IN ALEXANDER HAMILTON’S memorable formulation, the federal judiciary is “the least dangerous branch.” Unlike Congress and the president, which make and execute the laws, respectively, the courts “have neither FORCE nor WILL, but merely judgment; and must ultimately depend upon the aid of the executive arm even for the efficacy of its judgments.” Hamilton assumed that offering judges life tenure would encourage them to augment their modest power with moral authority — the intangible combination of legal expertise, persuasive reasoning, impartiality, independence and solemnity, actual and perceived, that we call “legitimacy.”
For many Americans, the Supreme Court’s decision on President Obama’s health-care reform poses a keen test of legitimacy. In an atmosphere of intense partisanship, made more acute by a pending national election, can these five Republican-appointed justices and four Democratic-appointed ones pass judgment in a way that impresses most Americans as an act of law rather than politics? We have maintained that they can, or at least that the justices should enjoy a presumption of good faith. But the recent behavior of one member of the court, Justice Antonin Scalia, makes that presumption harder to sustain.
In dissenting from a court ruling that struck down all but one part of Arizona’s law on illegal immigrants, Justice Scalia strayed far from the case at hand to deliver animadversions on President Obama’s recent executive order barring the deportation of people who entered the country illegally as children. Based on nothing more than news reports, Justice Scalia opined that this policy would divert federal resources from immigration enforcement, thus creating “the specter” of a “Federal Government that does not want to enforce the immigration laws as written, and leaves the States’ borders unprotected against immigrants whom those laws would exclude.”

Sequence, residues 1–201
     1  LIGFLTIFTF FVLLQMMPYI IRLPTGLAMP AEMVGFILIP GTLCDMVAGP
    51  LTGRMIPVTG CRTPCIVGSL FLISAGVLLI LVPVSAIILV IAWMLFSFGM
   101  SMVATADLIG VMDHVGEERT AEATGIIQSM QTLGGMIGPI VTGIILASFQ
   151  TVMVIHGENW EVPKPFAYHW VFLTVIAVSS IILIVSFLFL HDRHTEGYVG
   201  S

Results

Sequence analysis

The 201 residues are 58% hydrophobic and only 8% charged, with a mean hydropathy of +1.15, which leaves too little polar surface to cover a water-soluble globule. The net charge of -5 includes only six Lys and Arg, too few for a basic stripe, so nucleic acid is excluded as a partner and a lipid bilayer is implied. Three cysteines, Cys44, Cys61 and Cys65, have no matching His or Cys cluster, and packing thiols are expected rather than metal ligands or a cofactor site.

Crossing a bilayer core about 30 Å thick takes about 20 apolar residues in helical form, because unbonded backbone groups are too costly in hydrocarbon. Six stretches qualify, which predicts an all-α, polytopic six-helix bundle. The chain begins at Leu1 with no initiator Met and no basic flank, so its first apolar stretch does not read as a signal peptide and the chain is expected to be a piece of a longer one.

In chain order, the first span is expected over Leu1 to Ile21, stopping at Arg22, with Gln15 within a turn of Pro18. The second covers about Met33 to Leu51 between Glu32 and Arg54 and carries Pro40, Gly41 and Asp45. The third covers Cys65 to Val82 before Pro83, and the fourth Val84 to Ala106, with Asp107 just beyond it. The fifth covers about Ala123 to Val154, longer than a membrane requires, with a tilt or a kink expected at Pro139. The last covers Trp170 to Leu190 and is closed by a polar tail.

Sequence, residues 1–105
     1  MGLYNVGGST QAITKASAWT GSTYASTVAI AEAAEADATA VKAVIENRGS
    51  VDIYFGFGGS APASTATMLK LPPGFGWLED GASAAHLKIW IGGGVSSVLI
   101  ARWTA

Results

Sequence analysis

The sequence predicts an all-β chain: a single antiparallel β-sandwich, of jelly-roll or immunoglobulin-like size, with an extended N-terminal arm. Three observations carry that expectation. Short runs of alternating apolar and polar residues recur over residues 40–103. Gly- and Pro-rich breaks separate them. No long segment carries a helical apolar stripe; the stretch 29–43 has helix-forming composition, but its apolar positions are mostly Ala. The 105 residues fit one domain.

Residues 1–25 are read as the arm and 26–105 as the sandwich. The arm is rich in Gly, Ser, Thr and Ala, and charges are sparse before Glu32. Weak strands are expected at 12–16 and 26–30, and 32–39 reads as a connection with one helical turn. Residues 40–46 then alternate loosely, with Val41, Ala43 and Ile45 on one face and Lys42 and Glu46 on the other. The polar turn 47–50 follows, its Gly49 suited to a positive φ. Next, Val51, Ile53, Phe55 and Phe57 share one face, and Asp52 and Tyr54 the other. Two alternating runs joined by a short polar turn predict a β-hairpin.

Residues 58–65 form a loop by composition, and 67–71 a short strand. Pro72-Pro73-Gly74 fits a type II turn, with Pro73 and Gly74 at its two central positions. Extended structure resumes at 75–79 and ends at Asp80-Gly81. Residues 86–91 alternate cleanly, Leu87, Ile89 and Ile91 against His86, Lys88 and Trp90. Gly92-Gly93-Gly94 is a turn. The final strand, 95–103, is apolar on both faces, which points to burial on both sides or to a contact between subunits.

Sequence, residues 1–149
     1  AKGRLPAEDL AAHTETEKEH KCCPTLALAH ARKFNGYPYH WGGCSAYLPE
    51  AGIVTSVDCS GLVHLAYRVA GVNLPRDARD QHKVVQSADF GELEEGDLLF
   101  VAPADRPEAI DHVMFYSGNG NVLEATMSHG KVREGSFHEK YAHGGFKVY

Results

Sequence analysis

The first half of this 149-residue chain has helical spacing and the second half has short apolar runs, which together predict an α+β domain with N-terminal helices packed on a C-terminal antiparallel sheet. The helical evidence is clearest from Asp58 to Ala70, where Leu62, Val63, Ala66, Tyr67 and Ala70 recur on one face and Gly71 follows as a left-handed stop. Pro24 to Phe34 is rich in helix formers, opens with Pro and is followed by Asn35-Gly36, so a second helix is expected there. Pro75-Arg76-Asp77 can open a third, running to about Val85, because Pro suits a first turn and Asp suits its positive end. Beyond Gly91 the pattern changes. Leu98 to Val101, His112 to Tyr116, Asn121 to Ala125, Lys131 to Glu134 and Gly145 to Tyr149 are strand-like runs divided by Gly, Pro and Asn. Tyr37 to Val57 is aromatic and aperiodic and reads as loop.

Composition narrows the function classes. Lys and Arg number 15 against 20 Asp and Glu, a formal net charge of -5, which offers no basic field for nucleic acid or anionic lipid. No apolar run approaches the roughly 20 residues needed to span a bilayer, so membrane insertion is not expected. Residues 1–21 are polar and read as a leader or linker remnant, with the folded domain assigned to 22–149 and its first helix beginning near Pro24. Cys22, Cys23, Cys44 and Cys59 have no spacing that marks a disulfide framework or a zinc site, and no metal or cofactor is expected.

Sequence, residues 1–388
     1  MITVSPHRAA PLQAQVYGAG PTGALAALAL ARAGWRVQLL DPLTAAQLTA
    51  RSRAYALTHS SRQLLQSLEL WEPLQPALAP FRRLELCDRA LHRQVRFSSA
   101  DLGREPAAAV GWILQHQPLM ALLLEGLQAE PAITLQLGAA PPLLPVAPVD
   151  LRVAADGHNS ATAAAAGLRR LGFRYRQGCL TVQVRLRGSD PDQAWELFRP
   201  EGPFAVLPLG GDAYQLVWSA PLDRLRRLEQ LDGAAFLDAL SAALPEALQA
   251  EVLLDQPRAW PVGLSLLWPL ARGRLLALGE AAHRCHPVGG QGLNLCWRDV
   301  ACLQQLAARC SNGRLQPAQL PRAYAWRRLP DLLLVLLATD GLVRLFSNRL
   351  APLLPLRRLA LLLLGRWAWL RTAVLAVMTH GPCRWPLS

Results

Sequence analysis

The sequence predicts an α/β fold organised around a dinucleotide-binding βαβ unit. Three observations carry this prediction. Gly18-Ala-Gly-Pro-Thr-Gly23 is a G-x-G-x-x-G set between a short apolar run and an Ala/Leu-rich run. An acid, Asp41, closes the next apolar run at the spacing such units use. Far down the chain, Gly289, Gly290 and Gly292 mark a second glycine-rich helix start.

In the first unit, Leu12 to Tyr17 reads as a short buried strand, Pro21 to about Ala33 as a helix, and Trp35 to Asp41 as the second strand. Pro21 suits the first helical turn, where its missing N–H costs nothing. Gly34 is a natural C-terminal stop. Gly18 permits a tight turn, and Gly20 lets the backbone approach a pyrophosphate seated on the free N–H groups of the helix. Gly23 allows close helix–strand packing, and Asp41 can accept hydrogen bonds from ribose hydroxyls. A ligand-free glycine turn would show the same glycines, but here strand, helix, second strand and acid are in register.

This gratuitous outburst, regarding a matter that might someday come before the court as a legal case, followed Justice Scalia’s performance during oral arguments on health care, which included a wisecrack about striking down the “Cornhusker Kickback” — even though that infamous dollop of Medicaid money for Nebraska, allegedly inserted in return for the vote of that state’s senator, was no longer in the statute. He sneered that asking the justices to read the entire 2,700-page Affordable Care Act would violate the Eighth Amendment prohibition against cruel and unusual punishment. He launched into a muddled riff on an old Jack Benny comedy routine that became so protracted and distracting that Chief Justice John G. Roberts Jr., amused at first, eventually had to declare, “That’s enough frivolity for a while.”
Justice Scalia is nothing if not intelligent; his unpredictable approach to certain issues, especially free speech and criminal law, mark him as a less-than-doctrinaire conservative. And surely even the court’s proceedings can use a dash of humor every now and then.
But his lapses of judicial temperament — bashing “a law-profession culture, that has largely signed on to the so-called homosexual agenda” in a written dissent, or offering views on this and that in sarcastic public speeches — detract from the dignity of his office. They endanger not only his jurisprudential legacy but the legitimacy of the high court.